Letter written to Chandler Strunk around 1997 by Rex Bowers.
My grandfather kept this type dog all his life and used them on our farm. I got my first hunting experiences with a Shep and now have access to one again. What I mean by access, I got my grandmother, age 92, a male pup for a companion dog. Rounder, her last dog, was very old and had to be put down. I had mentioned to Richard that I wanted one for her and he was kind enough to give her one! We named him “Mac Lamrock Shep” and call him Shep of course! He is sort of a family dog, as my parents live next door to Grandma and my mother feeds him, and everybody turns him loose!
The best squirrel dog I ever had was a farm shepherd, Rusty. Granddad got him when I was very young and I grew up with him. My parents did not worry where I went as long as Rusty went along. He was a serious body guard! I could sic him on anything, as he feared nothing. We trained him on cows and mules with our older shep, Sport, who was very old. Sport would bring up the milk cows at milking time and put them each at their milking station. We milked three cows by hand. Also, we did all the farm work with a team of large mules. These sheps walked many miles behind a mule, in trace links. They would nip their heels if they got too slow. When mowing hay they followed the four foot sickle bar, and if a rat or mouse ran out, he was dead.
Also, we raised chickens, loose, both laying hens and game chickens. When we needed one caught all we had to do was tell Rusty which one, he would catch it, without plucking a feather and would hold them down on ground. This same dog would hold a ton bull by the nose.
I’m sure you have seen these dogs do all these things and more, but to those who have not it’s hard to believe! Rusty got down in his hips at 18 and I put him down on my 21st birthday. It was almost as hard as going to a person’s burial. He was my best friend, hunting buddy and more important, my bodyguard.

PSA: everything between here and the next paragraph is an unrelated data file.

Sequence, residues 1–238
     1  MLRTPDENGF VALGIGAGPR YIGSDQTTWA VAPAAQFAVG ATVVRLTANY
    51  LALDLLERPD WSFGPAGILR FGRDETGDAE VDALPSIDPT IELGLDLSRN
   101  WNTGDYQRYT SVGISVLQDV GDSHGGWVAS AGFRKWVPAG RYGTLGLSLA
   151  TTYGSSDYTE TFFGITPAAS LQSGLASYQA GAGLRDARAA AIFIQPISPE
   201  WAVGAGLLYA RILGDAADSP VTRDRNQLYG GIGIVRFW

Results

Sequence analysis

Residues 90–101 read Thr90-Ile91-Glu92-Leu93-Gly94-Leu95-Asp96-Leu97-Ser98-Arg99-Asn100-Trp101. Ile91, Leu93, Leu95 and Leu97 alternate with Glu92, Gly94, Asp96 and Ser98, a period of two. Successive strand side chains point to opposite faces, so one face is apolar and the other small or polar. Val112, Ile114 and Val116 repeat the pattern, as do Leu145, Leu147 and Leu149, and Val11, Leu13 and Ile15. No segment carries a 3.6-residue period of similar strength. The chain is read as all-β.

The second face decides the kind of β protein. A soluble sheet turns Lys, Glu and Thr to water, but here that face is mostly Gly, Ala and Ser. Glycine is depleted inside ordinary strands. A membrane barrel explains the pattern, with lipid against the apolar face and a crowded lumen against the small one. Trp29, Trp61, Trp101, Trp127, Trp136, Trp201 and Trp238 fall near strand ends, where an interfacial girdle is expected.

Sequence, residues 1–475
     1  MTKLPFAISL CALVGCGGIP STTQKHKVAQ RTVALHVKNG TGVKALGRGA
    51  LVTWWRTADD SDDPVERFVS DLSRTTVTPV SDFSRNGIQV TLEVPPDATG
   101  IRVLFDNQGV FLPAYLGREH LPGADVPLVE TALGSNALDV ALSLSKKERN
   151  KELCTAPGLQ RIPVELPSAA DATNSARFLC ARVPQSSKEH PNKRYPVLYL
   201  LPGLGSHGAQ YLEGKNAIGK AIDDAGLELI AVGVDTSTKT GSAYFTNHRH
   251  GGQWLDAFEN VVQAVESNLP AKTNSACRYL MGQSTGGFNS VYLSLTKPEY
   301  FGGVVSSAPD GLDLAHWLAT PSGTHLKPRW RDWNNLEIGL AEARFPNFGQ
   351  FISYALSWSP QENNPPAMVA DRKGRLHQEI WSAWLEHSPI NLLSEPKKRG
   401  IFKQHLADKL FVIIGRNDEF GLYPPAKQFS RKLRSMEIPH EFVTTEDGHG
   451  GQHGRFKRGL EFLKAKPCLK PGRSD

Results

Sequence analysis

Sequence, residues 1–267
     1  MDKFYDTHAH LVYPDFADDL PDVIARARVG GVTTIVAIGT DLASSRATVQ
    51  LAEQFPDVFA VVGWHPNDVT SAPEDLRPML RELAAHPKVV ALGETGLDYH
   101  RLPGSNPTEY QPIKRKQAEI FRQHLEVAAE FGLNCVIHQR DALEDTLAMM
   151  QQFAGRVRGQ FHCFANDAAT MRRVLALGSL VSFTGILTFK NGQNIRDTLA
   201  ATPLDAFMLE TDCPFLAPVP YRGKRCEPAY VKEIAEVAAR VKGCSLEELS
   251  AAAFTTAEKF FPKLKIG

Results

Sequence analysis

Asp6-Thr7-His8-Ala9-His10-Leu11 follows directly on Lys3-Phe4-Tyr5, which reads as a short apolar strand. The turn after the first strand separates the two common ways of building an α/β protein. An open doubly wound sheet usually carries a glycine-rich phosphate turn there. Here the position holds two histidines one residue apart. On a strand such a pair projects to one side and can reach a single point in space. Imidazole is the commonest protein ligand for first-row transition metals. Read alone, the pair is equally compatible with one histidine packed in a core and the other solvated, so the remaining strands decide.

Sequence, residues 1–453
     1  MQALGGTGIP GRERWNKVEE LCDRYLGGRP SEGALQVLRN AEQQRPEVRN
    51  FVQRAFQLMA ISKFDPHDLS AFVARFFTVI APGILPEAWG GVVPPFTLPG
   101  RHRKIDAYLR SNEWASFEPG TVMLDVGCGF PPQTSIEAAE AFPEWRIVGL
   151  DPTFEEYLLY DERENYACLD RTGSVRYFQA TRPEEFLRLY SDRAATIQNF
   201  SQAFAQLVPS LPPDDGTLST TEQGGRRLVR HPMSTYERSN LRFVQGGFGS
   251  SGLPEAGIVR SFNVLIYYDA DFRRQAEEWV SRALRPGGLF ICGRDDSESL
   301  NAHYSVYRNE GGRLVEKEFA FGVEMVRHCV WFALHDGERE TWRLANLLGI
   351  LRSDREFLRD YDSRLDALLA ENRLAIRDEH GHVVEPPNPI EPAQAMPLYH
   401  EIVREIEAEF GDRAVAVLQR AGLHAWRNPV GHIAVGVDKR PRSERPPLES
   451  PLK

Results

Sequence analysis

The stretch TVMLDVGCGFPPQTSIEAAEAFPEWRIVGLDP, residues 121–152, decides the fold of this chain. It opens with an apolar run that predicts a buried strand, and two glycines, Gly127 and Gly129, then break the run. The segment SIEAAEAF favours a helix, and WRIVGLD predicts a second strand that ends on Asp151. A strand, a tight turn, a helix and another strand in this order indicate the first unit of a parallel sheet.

I took for granted dogs like this as Granddad kept them always, but now realize how special they were. One thing that made a big difference in these dogs was how they lived. Our house set on rocks, and was blocked in on two sides. These dogs slept under the house, right under our bedroom. If we went out the door the dogs went along always. They were only tied up when someone was coming as they would not let a stranger in the yard.
My coon hunting career got started by watching these sheps kill coons and wildcats that were catching our chickens and guineas. At night we would hear a chicken squall up in our large cedar trees. The dogs would go to treeing and Granddad would light the kerosene lantern and we would go to them. He would tell me to climb up the tree and punch out the coon. Usually by the time I got back down the coon was stone dead! I was real young but this sure put the coon fever in me!
Things are much different today, and farms are too, but I’m sure people could use these dogs at whatever they want!
I’d like to hear of other people who grew up with these dogs and how they used them. I hope people don’t try to make a one purpose dog out of them, as they are capable of much more.
A shepherd fancier